Blommers exhibited his work at home and abroad, winning medals at exhibitions in Amsterdam, Brussels, Boston, Chicago, The Hague, Munich, Paris, Philadelphia, Rotterdam and St. Louis.[3] His artwork proved particularly popular in England, Scotland, America and Canada. Blommers’ work was so sought after that not unlike certain of today’s contemporary artists he had the unusual experience of having his paintings sold before they were painted.[4] In 1904 Blommers, accompanied by his wife and daughter Johanna, visited the United States. In Philadelphia the artist was made an honorary member of the Art Club, and there Thomas Eakins painted his portrait which now hangs in the Toledo Museum of Art in Ohio. In Philadelphia he sold a painting for the then astronomical sum of $6,000,[5] but perhaps the most notable event was the invitation to the White House where the family was received by President Theodore Roosevelt.[6] In 1914 Blommers returned to the United States having been chosen by the Dutch government to paint a portrait of Andrew Carnegie in appreciation of his gift to the Nation of the Peace Palace (Vredespaleis), The Hague where the painting now hangs.[7]

At home in 1911 he was elected president of the Hollandsche Teeken-Maatschappij (Dutch Drawing Society). He was further responsible for leading a committee that succeeded in establishing a Dutch pavilion at the Venice Biennale.[8] From the Netherlands he received the decoration of the Lion d’Or of the first order, the decoration of the Order of Leopold from Belgium, and the Orders of Saint Michel and the Crown from Bavaria.[9] In Holland his paintings formed part of the collections of the museums in Amsterdam, Dordrecht, Haarlem, The Hague, Heino, Katwijk, Otterlo, Rotterdam and Utrecht. Elsewhere these museums include Boston, Glasgow, Munich, St. Louis, Williamstown and Worcester.

Feeding the Ducks is an early work in which Blommers used his wife Anna and daughter Johanna as models.[10] Judging by the age of his daughter Johanna it must have been executed circa 1875-1876. At this point his emulation of seventeenth century prototypes is clear. Sunlight shimmers across the canvas bathing the two figures in dazzling light, further accentuated by the harmonious balance of the contrasting shadows. Saturated in warm colors Blommers’ heavily laden brush serves to enrich this simple scene. Clothed in the traditional garb of the local fisherfolk a young mother lifting a bucket stands in front of a cottage accompanied by her daughter alongside a canal. The cottage’s double-dutch doors, multi-paned window and crumbling red tiled roof with dormer all add to the scene’s rusticity. A rickety fence surrounds the property on which cloths have been left to dry, one embellished with the artist’s signature. A duck and her three ducklings, who serve to underline the composition’s theme of motherly love, swim towards the step attracted by the motioning child. A glimpse of the village is visible through the trees on the left-hand side. An ordinary moment in a family’s daily routine is captured and immortalized, but it is the obvious joy Blommers found within his own family that serves to make the work so memorable.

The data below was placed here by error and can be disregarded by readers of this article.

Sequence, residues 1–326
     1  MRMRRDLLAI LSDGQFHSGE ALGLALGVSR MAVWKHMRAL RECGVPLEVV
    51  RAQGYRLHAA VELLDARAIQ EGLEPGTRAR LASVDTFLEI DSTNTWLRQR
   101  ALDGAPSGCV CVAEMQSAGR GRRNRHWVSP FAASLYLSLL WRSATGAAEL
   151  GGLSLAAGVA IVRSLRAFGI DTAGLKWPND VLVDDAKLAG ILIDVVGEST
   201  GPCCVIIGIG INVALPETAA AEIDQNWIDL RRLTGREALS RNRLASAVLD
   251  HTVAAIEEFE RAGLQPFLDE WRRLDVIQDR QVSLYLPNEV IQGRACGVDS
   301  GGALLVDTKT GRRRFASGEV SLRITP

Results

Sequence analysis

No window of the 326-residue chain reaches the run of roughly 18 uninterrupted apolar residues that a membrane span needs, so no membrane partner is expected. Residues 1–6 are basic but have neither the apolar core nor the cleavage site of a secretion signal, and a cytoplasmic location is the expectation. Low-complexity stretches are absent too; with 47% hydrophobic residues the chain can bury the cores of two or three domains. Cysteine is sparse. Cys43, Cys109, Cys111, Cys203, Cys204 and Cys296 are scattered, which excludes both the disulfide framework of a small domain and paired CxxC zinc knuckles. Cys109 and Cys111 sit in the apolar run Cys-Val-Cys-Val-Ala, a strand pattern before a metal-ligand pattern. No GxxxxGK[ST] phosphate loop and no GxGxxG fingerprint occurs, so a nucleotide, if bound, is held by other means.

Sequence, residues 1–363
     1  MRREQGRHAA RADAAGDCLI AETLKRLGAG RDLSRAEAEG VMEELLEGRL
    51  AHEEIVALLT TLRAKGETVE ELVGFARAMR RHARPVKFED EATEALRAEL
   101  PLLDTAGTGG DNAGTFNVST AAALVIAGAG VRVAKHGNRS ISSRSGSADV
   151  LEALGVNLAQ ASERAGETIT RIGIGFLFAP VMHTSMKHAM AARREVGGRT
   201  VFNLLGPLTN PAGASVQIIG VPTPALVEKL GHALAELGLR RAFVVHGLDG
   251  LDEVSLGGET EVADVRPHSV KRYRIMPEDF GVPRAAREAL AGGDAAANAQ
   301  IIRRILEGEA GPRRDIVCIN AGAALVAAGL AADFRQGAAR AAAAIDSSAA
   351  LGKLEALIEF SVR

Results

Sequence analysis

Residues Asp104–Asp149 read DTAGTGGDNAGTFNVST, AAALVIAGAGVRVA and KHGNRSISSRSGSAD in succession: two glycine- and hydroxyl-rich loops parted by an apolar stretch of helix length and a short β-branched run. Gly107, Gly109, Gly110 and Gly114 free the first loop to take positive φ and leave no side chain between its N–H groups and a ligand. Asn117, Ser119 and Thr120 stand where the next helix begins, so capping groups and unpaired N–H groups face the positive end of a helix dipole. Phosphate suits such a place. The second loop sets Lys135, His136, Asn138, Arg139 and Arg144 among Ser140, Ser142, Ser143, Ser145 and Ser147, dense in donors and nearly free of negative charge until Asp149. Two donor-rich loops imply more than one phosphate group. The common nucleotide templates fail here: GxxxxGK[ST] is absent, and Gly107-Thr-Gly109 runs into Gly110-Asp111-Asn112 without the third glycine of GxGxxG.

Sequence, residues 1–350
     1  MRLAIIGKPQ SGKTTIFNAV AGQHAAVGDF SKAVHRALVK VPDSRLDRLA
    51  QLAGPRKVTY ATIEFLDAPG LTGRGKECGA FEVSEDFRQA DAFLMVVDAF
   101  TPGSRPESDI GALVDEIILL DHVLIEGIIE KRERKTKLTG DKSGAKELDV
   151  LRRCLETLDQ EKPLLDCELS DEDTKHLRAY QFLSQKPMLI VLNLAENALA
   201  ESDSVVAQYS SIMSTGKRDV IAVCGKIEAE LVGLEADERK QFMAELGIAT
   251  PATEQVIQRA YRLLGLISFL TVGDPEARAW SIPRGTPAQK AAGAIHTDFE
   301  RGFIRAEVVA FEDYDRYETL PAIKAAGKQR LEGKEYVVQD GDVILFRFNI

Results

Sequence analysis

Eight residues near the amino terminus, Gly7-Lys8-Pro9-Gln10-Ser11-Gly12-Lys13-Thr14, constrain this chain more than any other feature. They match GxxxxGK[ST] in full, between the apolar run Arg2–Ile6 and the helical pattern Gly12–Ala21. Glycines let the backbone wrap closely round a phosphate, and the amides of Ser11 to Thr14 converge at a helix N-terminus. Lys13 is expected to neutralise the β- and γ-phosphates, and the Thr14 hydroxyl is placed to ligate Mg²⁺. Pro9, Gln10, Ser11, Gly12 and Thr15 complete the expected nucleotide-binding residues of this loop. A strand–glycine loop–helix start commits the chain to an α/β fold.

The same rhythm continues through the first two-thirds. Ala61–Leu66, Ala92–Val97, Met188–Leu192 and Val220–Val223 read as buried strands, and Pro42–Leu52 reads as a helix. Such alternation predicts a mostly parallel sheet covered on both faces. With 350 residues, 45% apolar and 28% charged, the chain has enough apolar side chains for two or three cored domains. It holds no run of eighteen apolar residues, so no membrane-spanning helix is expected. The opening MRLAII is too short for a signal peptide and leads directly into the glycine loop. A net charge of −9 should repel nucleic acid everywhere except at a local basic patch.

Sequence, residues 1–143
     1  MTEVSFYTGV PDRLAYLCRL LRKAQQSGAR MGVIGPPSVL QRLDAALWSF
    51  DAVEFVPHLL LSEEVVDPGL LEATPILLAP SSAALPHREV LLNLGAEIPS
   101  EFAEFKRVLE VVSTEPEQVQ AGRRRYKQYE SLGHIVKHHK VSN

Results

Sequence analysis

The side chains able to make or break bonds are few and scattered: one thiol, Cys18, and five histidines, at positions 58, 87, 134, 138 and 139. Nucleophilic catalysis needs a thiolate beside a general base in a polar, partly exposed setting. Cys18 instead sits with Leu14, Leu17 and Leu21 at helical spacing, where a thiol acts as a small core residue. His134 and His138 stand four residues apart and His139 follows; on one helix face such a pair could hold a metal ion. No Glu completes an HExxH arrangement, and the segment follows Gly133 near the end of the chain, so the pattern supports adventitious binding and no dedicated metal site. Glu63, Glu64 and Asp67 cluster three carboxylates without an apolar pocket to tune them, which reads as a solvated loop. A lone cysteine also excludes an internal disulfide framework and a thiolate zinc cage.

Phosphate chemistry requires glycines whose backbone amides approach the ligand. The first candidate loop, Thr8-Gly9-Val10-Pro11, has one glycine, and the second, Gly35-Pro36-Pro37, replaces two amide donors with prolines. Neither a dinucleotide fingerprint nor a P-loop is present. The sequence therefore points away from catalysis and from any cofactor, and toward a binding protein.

We are indebted to Charles Dumas of the Rijksbureau voor Kunsthistorische Documentatie, The Hague for his invaluable assistance in the research of this entry.



[1] Biographical information taken from Dr. Jos. De Gruyter, “B.J. Blommers” in De Haagse School, volume 1, Rotterdam, 1968-69, p. 110; John Sillevis, “Bernard Blommers” in The Hague School, Dutch Masters of the 19th Century, exhibition catalogue, Royal Academy of Arts, London and traveling, 1983, pp. 167-168; and Anne Taback, “Bernardus Johannes Blommers” in The Hague School Book, Waanders, Gemeentemuseum, Den Haag, c. 2004, pp. 333, 335.

[2] Biographical information taken from John Sillevis, op. cit., p. 167; Tiny de Liefde-van Brakel, B.J. Blommers, 1845-1914, exhibition catalogue, Stichting Katwijks Museum, Katwijk aan Zee, May 29-September 25, 1993, pp. 67-68; and Anne Tabak, op. cit., pp. 335, 337.

[3] “Dutch Artist, Here to Paint Carnegie, Talks on Art”, The New York Times, April 14, 1912.

[4] Ronald de Leeuw, “Introduction” The Hague School Book, op. cit., pp. 9, 29; Anne Taback, op. cit., p. 338.

[5] Charles Dumas, “Art Dealers and Collectors” in The Hague School, Dutch Masters of the 19th Century, op. cit., p. 125.

[6] Anne Taback, op. cit., p. 338.

[7] New York Times, April 14, 1912, op. cit..

[8] Anne Taback, op. cit., p. 338.

[9] New York Times, April 14, 1912, op. cit..

[10] This painting was reproduced in the weekly magazine De Prins (op. cit.) where the figures were identified as the artist’s wife Anna and his eldest daughter Johanna who is further revealed as now Mrs. Dr. Hettinga Tromp. She married the artist Jan Zoetelief Tromp (1872-1947) who worked in the style of the Hague School and was heavily influenced by his father-in-law.